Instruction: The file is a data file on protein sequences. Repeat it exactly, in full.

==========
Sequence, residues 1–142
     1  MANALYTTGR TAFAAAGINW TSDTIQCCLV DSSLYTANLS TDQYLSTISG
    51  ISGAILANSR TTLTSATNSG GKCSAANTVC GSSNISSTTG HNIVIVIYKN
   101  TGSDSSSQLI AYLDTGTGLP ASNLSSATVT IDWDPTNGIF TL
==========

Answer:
Sequence, residues 1–142
     1  MANALYTTGR TAFAAAGINW TSDTIQCCLV DSSLYTANLS TDQYLSTISG
    51  ISGAILANSR TTLTSATNSG GKCSAANTVC GSSNISSTTG HNIVIVIYKN
   101  TGSDSSSQLI AYLDTGTGLP ASNLSSATVT IDWDPTNGIF TL